Replacement of Workhorse Musical Keyboard Instruments for Research and Performance
The mission of the Keyboard Arts Research core is to provide faculty and graduate students with a diverse range of healthy, high-quality keyboard instruments. The collection includes historical keyboards (harpsichords, organs) and modern pianos, such as alternatively sized keyboard actions, and the unique double-manual Steinway concert grand. These instruments allow soloists, collaborative artists and scholars to engage in cutting-edge research, exploring innovative performance practices and applications.
This initiative provides funds for the purchase of replacement pianos in faculty studios and practice rooms (essential for the healthy functioning of all aspects of a music school) and also includes the acquisition of a portative organ, used heavily in historically informed choral, chamber music, and opera of the 18th and early 19th centuries and before. The current piano and harpsichord inventory dates back mostly to the 1970’s and is wearing out due to overuse.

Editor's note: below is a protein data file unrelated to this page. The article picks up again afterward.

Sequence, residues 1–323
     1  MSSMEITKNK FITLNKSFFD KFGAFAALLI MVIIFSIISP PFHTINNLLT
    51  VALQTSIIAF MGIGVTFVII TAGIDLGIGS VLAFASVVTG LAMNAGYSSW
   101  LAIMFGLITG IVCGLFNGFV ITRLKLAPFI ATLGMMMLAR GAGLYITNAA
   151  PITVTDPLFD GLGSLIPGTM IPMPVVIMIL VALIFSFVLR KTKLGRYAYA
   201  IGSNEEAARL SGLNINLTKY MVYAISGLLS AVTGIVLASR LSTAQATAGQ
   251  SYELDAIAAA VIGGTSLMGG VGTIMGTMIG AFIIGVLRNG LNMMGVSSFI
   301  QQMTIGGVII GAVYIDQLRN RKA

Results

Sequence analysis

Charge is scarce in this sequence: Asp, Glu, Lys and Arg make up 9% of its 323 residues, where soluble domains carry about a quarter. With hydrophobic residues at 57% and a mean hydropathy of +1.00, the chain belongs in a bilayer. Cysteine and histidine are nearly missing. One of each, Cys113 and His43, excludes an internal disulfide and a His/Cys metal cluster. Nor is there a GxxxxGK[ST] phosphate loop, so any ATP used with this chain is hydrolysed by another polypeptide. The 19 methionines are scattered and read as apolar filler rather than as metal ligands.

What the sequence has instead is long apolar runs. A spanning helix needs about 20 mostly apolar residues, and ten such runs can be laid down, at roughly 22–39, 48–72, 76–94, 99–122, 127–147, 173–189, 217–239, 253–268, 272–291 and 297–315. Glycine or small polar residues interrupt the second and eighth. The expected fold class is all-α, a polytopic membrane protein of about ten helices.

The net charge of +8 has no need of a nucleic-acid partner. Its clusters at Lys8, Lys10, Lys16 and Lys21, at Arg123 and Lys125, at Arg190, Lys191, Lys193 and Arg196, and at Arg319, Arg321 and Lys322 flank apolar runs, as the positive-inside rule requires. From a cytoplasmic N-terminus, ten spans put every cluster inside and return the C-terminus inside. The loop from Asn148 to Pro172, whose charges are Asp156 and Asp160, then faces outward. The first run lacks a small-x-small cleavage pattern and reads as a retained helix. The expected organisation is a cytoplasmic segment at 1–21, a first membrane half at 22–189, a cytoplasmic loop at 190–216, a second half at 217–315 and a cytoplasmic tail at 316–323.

The portative organ is unusable and irreparable. All of these deficiencies compromise the research of our performance faculty and students, as well as their work in choirs, the Early Music Festival at the Division of the Arts and in the pursuit of early music performance.
This step toward improving the health of the keyboard inventory will have a lasting impact on current students and faculty alike, and will positively influence the Mead Witter School of Music’s ability to recruit the best keyboard artists of the future.
Martha Fischer, professor of music
John Stowe, professor of music
Jessica Johnson, professor of piano and piano pedagogy
Christopher Taylor, professor of piano
Cheryl Bensman Rowe, artistic director of the Madison Early Music Festival
Johannes Wallman, associate professor of jazz studies
Keyboard Arts Research Core